Stocks & Commodities V. 23:11 (20-27): Chart Your Stocks With Float Charts by Steve Woods
Price is king. Volume is queen. Both live in the context of time. But is there a prince or prime minister who has been overlooked? Float charts may have the answer.
In my 1996 STOCKS & COMMODITIES article, I introduced the cumulative volume float indicator and In
demonstrated a dynamic relationship between a stockís price and volume and its floating supply of shares. The idea was simple: by adding up volume cumulatively on a chart, we can identify rectangles that correspond with areas of accumulation at the bottom and distribution at the top. Since then, I have come to realize that what I discovered was not just a new indicator but an entirely new type of stock chart.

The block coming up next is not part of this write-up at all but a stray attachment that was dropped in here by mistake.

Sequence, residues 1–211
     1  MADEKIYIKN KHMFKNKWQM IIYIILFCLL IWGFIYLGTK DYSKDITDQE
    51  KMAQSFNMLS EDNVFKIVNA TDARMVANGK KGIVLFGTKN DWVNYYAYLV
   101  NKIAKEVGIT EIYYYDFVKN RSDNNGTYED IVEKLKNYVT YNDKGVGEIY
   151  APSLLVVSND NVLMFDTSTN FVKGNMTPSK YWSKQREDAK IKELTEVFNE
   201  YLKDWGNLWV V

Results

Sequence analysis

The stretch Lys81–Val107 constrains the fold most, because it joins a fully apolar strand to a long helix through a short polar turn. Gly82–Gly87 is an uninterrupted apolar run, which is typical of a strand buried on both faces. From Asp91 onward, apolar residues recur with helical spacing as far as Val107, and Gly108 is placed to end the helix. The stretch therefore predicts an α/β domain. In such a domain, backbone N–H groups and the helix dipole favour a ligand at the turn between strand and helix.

To understand, consider this question: What data goes into creating a stock chart? Price and volume. Is there a piece of data that stock charts have not been using? If the historical pantheon of charting begins with candlesticks, then goes to point and figure, then moves on to price & volume, I would ask: Is there a fourth way of charting stocks? Is there an overlooked piece of data which, when used properly, actually creates a new type of stock chart? Is there a new way to look at what is happening in a stockís trading history? Yes! The missing data is the float number. The new type of chart is a float chart, and its origins go back to W.D. Gannís book, Truth Of The Stock Tape, originally published in 1923.